I first meet Jonathan in 1997 or 1998, I think. In 1996, Intel and Creative Artist Agency created a lab to educate talent about the coming possibilities of broadband residential Internet and personal computers to create a new medium. I drove this project from the Intel side after meeting with Michael Ovtiz who was the founder and principle owner of CAA. I knew that we were creating a new medium that would effect every aspect of our lives from commerce and education to communications and entertainment. In my position as Vice President of Business Development, and my additional role as “Czar” of Intel’s broadband development activities and a leading investor in early stage companies dealing with the consumer market. I wanted to accelerate the development of these “applications”. I was particularly concerned with how entertainment content would finds its way to this new world. I was pretty sure that the folks in Silcon Valley would not be able to create compelling and entertaining content with the exception of computer games. So I thought, lets get the people that make todays entertainment excited about the opportunity. We set up the lab within CAA with state of the art computing technology. CAA’s clients and others would come by the lab for demonstrations. They key person on my side was Sriram Viswanathan. In addition, we decided to invest in early stage companies dealing with entertainment and to do this together with CAA. This activity was lead by Matthew Cowan from the Intel side and Hassan Miah from the CCA side. We had some hits like Launch Media which was founded by Dave Goldberg. Launch was selling enhanced CD’s. I required that they move to the Internet as part of our investment. Launch was eventually sold to Yahoo where Dave ran the Yahoo music business. Lucky for him, he meet Sheryl Sandberg, the COO of Facebook , soon to be one of the richest women in the world….and a lovely person by the way. We also invested in Mark Cuban’s Broadcast.com which went public and then was bought by Yahoo for more than five billion dollars. Of course they were not all successful and we invested in some duds like American Cybercast.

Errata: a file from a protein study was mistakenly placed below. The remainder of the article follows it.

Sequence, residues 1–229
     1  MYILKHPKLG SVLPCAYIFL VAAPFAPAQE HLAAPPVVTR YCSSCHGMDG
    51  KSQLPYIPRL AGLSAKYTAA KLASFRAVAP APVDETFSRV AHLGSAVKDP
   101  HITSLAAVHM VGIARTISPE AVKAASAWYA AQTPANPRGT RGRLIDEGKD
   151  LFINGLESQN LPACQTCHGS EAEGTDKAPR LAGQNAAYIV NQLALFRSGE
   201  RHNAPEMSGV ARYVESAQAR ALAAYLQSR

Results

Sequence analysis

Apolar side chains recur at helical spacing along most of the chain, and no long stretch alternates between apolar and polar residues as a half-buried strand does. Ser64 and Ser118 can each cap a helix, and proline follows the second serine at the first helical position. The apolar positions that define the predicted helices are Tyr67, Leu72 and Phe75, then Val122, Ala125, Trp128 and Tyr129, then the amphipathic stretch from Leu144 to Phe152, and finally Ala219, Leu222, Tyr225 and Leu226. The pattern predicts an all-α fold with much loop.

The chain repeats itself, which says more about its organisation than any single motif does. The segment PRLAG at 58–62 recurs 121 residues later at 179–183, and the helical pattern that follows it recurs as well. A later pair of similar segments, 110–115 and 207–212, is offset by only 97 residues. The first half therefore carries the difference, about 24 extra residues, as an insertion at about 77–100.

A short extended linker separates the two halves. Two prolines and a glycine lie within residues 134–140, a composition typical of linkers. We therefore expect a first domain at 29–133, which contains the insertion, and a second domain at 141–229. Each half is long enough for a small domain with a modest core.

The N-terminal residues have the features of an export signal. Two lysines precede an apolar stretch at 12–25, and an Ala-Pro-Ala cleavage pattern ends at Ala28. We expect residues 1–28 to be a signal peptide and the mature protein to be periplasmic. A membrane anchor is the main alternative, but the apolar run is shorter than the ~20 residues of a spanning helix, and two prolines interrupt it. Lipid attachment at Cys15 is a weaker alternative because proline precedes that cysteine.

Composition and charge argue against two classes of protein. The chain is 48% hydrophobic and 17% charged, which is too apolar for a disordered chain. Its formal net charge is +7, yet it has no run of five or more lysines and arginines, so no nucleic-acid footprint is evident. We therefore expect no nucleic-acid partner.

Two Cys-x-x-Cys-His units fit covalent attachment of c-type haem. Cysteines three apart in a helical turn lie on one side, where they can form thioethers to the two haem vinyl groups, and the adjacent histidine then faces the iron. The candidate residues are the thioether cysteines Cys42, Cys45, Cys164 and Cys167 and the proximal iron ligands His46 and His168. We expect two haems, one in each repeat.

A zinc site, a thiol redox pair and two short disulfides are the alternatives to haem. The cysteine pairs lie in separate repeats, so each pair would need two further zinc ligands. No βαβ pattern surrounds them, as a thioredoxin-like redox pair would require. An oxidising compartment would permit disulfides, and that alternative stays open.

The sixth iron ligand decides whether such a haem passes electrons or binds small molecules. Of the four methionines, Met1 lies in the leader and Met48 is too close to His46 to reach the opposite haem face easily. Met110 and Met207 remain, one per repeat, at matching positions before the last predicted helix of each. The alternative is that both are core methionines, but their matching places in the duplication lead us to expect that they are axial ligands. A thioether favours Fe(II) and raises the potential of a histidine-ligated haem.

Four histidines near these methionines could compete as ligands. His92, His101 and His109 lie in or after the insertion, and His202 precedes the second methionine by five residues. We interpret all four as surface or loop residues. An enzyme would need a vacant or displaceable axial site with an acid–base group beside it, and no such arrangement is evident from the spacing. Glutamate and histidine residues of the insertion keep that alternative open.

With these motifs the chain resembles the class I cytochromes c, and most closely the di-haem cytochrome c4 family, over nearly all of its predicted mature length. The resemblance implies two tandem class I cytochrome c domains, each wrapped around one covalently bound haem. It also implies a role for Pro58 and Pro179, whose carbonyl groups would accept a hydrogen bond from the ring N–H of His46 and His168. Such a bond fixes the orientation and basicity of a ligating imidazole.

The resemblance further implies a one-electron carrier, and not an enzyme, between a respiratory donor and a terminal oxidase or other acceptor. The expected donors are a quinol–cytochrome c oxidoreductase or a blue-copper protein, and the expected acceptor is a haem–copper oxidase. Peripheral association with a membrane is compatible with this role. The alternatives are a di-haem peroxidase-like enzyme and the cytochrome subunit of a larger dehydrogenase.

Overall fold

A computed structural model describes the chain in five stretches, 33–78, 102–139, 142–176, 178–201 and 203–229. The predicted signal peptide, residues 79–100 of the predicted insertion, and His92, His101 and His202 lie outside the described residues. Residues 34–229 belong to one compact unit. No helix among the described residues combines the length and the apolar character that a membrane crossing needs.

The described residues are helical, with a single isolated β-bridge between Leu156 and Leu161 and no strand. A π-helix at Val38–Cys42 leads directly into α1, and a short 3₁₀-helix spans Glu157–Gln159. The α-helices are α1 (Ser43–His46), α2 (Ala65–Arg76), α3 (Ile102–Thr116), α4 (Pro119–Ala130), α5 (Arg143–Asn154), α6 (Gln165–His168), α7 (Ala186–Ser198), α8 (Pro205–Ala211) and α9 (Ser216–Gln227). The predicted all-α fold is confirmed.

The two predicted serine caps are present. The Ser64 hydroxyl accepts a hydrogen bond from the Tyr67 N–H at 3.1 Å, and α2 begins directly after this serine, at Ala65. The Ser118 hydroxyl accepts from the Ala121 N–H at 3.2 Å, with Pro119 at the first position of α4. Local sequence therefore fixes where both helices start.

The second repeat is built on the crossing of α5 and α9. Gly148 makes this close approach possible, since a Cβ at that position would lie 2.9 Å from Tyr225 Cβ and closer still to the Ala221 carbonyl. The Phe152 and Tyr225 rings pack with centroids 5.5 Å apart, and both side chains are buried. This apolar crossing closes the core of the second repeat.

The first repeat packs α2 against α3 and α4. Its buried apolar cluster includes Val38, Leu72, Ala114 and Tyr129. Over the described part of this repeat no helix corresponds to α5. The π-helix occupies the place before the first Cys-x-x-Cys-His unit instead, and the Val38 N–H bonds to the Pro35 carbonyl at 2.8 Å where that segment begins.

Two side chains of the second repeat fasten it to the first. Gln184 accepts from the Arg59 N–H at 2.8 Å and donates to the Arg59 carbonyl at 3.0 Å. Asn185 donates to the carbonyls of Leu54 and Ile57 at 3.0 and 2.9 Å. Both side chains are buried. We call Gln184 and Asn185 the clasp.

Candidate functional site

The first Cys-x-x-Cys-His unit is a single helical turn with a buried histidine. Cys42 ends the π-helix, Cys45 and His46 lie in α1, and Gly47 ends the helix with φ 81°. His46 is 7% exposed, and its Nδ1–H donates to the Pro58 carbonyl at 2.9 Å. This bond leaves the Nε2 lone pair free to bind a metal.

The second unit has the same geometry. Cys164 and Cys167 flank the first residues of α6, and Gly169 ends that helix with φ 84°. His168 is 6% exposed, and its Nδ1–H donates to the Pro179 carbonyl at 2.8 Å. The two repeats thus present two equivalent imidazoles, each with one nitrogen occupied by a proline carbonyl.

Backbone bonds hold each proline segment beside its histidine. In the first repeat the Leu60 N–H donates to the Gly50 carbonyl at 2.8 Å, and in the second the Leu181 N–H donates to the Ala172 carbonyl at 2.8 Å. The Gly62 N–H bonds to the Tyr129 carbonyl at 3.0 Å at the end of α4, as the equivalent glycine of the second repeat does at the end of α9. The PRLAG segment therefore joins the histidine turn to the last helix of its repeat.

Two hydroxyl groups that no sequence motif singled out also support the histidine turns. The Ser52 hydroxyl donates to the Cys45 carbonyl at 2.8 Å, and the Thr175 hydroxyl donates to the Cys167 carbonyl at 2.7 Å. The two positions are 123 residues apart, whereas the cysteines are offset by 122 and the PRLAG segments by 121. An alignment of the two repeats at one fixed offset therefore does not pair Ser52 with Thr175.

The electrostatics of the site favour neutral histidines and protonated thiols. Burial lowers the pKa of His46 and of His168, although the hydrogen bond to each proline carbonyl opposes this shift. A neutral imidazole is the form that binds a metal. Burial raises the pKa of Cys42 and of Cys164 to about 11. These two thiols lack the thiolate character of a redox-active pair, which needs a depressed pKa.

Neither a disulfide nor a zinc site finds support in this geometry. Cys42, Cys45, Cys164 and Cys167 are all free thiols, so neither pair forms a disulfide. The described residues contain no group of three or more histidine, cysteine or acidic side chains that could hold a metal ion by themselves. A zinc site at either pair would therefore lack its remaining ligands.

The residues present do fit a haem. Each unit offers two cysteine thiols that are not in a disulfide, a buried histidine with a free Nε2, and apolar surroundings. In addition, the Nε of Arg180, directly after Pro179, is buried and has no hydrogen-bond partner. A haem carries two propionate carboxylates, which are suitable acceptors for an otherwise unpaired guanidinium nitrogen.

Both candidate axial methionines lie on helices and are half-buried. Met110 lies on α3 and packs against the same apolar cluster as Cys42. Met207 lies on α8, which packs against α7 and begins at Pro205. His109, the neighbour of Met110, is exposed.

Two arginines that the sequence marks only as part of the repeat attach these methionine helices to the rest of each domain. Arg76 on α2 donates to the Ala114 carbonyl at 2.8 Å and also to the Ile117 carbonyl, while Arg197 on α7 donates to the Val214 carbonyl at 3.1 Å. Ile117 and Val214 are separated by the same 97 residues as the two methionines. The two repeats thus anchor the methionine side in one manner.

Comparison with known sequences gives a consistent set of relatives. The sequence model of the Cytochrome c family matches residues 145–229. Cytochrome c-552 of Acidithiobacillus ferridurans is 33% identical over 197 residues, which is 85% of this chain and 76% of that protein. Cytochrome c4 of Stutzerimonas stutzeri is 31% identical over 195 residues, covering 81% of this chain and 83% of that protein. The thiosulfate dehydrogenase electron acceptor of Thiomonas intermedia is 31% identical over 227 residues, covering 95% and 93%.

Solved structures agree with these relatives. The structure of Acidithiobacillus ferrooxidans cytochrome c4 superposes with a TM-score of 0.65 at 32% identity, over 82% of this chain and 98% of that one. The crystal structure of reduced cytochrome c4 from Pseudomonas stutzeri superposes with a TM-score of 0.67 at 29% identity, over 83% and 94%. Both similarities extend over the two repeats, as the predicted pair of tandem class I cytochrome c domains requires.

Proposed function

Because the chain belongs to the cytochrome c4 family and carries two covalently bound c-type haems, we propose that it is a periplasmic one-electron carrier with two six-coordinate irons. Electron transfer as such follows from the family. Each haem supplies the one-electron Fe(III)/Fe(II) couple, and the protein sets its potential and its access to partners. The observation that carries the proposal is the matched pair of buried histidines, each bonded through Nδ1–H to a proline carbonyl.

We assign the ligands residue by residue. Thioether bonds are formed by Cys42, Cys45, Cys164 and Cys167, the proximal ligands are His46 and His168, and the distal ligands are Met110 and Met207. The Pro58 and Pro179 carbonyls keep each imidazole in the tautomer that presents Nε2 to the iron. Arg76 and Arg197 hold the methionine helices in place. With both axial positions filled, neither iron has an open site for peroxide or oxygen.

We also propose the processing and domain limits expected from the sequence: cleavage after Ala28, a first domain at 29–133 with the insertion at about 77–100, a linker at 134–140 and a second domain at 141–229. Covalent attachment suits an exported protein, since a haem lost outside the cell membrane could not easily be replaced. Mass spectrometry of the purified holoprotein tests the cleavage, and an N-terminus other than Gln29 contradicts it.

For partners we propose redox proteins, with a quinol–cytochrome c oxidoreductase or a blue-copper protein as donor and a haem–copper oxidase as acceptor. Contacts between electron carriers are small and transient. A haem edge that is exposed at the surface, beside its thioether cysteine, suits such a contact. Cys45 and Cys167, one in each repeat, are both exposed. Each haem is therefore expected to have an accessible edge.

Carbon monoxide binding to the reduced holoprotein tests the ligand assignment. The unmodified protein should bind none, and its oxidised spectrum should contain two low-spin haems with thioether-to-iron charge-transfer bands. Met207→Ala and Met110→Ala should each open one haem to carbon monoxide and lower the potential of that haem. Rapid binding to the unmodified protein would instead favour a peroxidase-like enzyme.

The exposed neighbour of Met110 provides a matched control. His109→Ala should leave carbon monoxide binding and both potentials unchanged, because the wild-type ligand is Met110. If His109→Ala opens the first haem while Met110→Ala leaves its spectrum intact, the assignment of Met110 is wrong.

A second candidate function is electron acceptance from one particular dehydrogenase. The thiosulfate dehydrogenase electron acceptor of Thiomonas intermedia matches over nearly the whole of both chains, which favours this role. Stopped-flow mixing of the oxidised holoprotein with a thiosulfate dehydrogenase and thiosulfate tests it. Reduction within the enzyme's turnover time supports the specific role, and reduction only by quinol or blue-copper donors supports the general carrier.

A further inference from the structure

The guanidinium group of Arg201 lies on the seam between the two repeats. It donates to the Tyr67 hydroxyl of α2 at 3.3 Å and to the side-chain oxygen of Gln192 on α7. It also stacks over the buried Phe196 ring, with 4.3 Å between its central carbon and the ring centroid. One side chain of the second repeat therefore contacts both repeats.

During this period we learned of Intertainer, founded by Jonathan Taplin. While I was aware that Jonathan had a background as a movie producer, I did not know anything about his extensive history in the music industry. Intertainer was one of the first companies to make deals with the movie industry and provide download-able movies. Remember this was 1997/98. There were not that many consumers that had broadband in their homes. Intertainer did very well until the movie industry, lead by Sony, created an alternative called Movielink. The result was that studios cut off access to movies by Intertainer; bringing that company to its knees. Intertainer sued a number of companies for Anti-Trust Violations in 2002. In 2006, the suits were settled out of court.